This blog series is focused on different methods to evaluate and reduce energy consumption of buildings. The demand for energy is increasing at an alarming rate and the building sector is one of the largest consumers of energy; gaining more and more prominence over the past few decades. Retro-commissioning is a proven process to help combat this problem. Let’s start with a quick overview of what building commissioning is.
Commissioning is a quality assurance process that provides documented confirmation that a building is operating at optimum level of the owner’s requirements. Commissioning ensures that building systems are planned, installed, tested, operated and maintained the way the owner intended. Commissioning often provides:
• Increased energy efficiency
• Maximized occupancy comfort
• Extended life cycle of equipment
• Reduces O&M costs
During the retro-commissioning process, existing building systems are inspected for physical, functional and performance conditions. All issues are documented and presented in a comprehensive report to the owner. Diagnostic test equipment is used to assess existing equipment efficiency and operating characteristics. This analysis is used to identify opportunities for energy conservation. The retro-commissioning process usually occurs in four distinct phases as illustrated below:
A research study on commissioning and retro-commissioning performed by Lawrence Berkeley National Laboratory in 2009 found that the average retro-commissioning project cost $0.30 per square foot with energy savings of 16% and with a simple payback of 1.1 years. Which brings us to the glaring question, why isn’t everyone doing this? Some possible reasons could be unfamiliarity with the retro-commissioning process and fear of any upfront costs. In order to overcome these hurdles, many cities across the nation are recognizing the importance of retro-commissioning/energy audits and are developing legislation that makes it a mandatory procedure. For example, New York City has developed PlaNYC, an agenda to meet energy challenges to building a greener, greater New York. Included in this plan is Local Law 84: Benchmarking and Local Law 87: Energy Audits and Retro-commissioning. In my next blog, I will discuss these laws in detail.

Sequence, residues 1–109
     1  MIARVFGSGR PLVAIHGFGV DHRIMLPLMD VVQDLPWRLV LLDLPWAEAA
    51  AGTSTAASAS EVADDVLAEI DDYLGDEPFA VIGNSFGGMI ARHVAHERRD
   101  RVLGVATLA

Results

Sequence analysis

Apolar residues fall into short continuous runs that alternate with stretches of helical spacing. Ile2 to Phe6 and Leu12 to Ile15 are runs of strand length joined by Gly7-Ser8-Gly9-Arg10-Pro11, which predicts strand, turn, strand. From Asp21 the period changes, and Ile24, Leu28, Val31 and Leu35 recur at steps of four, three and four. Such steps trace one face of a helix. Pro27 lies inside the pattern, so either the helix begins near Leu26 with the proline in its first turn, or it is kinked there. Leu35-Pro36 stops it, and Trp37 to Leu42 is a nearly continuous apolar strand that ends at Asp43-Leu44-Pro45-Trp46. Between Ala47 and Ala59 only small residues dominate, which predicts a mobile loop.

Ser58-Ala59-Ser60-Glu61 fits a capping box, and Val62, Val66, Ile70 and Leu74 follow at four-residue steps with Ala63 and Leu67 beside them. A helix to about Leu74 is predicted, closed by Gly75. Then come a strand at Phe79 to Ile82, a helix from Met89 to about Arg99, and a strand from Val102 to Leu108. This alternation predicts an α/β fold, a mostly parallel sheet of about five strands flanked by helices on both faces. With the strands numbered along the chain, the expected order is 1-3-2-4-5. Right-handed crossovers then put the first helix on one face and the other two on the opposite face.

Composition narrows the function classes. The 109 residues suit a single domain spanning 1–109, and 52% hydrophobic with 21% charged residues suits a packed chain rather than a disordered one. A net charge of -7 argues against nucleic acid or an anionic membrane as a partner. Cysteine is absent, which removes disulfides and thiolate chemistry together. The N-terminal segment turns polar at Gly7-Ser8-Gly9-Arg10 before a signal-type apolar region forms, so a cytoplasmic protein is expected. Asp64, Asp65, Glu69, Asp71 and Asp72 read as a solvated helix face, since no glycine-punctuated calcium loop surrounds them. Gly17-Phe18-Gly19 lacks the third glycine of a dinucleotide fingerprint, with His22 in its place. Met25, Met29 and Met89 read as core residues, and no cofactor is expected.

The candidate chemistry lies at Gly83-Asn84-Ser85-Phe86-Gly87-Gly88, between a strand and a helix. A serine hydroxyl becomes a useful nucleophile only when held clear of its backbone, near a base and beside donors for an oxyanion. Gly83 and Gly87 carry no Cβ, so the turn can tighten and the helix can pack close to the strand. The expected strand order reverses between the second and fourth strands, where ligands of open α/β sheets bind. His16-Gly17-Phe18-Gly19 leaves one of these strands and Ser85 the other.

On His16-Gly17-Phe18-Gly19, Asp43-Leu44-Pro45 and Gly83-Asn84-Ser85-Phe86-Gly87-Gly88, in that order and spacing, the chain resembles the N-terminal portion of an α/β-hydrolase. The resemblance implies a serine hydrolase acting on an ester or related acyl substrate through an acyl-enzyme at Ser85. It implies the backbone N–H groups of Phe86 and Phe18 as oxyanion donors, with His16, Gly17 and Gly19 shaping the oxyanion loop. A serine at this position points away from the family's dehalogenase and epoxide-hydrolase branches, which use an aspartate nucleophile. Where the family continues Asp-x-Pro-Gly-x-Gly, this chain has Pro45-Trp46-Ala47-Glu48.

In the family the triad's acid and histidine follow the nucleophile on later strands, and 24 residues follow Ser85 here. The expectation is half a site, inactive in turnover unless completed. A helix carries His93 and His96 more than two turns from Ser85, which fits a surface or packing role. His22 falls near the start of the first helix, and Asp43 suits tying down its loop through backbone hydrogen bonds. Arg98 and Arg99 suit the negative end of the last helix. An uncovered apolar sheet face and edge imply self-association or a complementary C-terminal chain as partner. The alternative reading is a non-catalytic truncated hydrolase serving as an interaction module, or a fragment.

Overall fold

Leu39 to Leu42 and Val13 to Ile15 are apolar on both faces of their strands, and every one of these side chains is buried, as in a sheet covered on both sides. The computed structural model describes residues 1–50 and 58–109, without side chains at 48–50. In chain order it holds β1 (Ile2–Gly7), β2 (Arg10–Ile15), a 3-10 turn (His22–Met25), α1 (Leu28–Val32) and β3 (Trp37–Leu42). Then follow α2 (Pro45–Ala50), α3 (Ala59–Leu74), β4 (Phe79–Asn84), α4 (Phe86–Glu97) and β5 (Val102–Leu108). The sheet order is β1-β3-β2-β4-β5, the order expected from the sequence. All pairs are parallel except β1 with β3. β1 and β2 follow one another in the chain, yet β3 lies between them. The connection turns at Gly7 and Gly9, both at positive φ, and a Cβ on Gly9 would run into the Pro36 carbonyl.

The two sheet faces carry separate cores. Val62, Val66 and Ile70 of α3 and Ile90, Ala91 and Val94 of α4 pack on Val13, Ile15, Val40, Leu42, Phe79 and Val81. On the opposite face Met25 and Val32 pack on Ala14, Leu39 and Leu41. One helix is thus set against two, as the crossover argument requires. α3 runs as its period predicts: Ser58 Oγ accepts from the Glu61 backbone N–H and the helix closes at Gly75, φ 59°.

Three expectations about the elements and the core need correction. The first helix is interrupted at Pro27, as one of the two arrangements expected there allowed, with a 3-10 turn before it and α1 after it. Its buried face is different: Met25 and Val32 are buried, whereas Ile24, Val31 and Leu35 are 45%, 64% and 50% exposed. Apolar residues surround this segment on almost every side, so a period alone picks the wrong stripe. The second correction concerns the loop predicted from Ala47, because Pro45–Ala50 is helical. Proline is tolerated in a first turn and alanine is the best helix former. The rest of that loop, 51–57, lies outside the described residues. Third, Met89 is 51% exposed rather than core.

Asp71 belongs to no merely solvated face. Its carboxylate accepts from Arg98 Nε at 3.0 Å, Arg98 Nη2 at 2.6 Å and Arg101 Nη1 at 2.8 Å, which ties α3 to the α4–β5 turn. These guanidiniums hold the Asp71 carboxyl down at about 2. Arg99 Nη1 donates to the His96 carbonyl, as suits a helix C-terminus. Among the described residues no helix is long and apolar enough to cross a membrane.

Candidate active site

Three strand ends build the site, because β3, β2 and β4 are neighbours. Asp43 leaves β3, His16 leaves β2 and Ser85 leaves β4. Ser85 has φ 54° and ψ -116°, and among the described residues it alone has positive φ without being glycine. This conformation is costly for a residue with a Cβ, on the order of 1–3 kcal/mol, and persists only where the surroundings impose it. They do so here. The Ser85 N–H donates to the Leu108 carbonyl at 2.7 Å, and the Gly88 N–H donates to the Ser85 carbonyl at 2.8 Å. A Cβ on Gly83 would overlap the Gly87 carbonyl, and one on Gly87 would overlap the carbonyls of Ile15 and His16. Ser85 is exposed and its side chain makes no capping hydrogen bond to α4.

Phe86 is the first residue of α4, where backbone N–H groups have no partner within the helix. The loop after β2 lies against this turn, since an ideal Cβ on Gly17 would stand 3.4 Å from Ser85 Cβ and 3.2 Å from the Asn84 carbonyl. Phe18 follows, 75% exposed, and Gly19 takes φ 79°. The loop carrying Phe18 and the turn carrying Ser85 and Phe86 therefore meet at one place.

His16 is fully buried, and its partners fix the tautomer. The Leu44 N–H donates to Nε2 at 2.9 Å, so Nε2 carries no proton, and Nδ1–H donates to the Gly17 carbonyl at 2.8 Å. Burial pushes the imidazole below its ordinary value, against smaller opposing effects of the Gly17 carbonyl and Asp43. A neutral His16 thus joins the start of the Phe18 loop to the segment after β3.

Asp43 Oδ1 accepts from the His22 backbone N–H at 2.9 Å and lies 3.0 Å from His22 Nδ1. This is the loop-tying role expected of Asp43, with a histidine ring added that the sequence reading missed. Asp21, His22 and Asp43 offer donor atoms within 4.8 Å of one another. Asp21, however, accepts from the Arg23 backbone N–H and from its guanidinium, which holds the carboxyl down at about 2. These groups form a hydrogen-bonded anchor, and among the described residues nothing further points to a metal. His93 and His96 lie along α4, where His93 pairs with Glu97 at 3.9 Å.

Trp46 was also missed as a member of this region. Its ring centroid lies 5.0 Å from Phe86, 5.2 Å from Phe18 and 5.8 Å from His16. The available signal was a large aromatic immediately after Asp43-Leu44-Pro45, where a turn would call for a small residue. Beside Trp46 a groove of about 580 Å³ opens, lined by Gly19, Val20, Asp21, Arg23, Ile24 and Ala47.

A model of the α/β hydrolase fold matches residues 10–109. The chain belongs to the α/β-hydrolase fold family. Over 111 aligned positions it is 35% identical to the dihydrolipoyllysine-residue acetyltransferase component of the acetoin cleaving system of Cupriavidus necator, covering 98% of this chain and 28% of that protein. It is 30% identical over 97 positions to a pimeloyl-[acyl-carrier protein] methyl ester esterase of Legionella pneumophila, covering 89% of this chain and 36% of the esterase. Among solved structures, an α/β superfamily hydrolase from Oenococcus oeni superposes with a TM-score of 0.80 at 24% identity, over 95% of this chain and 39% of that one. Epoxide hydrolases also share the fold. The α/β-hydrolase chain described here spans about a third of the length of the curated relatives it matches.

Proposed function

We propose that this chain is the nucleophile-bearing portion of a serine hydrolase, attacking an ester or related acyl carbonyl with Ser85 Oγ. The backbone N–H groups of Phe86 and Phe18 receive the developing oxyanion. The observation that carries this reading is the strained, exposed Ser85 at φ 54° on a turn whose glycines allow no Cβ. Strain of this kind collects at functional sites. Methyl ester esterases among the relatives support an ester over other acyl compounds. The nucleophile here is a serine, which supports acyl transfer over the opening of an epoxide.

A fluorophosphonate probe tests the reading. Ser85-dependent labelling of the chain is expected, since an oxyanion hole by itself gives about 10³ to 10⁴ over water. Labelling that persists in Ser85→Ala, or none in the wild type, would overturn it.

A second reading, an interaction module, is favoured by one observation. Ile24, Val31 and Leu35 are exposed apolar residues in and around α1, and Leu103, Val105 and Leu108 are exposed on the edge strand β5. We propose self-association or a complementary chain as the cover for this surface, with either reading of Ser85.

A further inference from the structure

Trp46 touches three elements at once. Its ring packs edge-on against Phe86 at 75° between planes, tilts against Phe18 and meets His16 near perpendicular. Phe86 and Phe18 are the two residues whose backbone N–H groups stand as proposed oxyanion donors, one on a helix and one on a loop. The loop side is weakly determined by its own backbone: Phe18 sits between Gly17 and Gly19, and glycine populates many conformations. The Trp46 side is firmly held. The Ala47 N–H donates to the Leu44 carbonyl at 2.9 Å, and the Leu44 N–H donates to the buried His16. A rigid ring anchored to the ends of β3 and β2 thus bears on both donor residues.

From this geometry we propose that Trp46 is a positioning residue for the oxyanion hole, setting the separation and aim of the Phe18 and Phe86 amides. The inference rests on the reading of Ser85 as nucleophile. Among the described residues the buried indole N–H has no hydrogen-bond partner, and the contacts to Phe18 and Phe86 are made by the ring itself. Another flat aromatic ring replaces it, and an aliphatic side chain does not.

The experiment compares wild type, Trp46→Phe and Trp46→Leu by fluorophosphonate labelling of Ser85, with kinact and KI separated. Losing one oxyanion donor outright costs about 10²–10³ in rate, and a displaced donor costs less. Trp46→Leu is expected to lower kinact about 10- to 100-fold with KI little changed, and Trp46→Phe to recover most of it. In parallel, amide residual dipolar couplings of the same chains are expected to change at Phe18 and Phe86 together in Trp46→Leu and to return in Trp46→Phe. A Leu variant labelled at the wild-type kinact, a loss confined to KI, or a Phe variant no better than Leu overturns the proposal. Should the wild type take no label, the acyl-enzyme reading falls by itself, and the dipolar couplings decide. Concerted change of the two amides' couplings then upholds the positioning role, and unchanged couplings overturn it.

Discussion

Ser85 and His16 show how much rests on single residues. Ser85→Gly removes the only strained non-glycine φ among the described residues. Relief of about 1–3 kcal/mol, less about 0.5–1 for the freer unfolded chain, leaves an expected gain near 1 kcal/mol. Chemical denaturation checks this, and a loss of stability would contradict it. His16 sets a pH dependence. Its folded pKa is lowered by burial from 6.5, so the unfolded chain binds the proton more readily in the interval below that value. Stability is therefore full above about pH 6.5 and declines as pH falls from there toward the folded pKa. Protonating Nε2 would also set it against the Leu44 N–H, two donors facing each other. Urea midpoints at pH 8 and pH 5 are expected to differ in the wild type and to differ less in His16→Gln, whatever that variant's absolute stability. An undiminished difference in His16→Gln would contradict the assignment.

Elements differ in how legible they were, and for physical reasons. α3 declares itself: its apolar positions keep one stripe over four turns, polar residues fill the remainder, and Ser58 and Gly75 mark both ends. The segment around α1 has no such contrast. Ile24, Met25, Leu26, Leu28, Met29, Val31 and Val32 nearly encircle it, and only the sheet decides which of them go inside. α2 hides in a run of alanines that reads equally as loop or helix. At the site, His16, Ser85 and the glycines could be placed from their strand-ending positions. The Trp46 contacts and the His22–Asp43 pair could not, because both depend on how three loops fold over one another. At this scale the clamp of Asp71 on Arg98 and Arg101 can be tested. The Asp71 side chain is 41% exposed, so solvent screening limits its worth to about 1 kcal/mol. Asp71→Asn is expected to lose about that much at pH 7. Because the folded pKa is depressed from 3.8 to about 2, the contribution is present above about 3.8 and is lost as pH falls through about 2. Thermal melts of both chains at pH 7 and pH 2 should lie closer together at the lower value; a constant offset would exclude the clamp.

Do you have any questions regarding retro-commissioning? Drop me a line in the comments section below!
American Society of Heating, Refrigerating and Air Conditioning Engineers (ASHRAE) is accredited by the American National Standards Institute (ANSI) and follows ANSI’s requirements for due process and standards development. ASHRAE has helped to mainstream the integrity of commissioning by setting guidelines and criteria for the commissioning process. ASHRAE has also partnered with the United Nations Environment Program to drive their global effort in reducing the amount of pollutants released into the atmosphere by buildings. ASHRAE has created an international advisory team to assist developing countries in their goals to institute and revamp relevant codes and standards.
In terms of building commissioning and retro-commissioning, ASHRAE developed Guideline 0 – Commissioning Process and Guideline, which details the process, intent, activities and deliverables that should be followed to optimize benefits. This document has incited the development of numerous supporting guidelines and standards for the commissioning process. In addition, ASHRAE also defined best practices and created different levels of energy audits (Preliminary Analysis, Level 1, 2 and 3). If you are interested in learning more about these guidelines, visit ASHRAE’s website (https://www.ashrae.org). In particular, they have posted their Fall 2013 online courses here: https://www.ashrae.org/education–certification/2013-fall-online-courses. On October 9th there is a Commissioning for High Performance Buildings course and on November 4th and 6th there is a Commercial Building Energy Audits course.
As part of the PlaNYC initiative to have a more sustainable New York City, all buildings over 50,000 sf are required to file an Energy Efficiency Report (EER) with the New York City Department of Buildings (NYC DoB). This requirement is known as Local Law 87. The EER consists of an ASHRAE Level II energy audit and retro commissioning study of base building systems. Base building systems include systems or subsystems that use energy or impact energy consumption, including: building envelope, HVAC systems, conveying systems, domestic water systems and electrical/lighting systems. EERs are due to the NYC DoB once every 10 years starting this year. The EER reports are due in a staggered schedule, which is based on the last digit of the building’s tax block number.
Do you have any questions regarding ASHRAE and how they are involved with Local Law 87 legislature? Post them in the comments below. In my next blog, I will provide an overview of the second part of Local Law 87 compliance, retro-commissioning.
We’ve all been told as children – “Turn off the lights when you’re not in the room” and “Don’t leave the water running when you’re brushing your teeth.” Now, there’s so much more we can do to conserve energy and resources in our homes and businesses. There is heightened awareness that our “small and insignificant” actions collectively have great impact on the environment and personal/corporate budgets.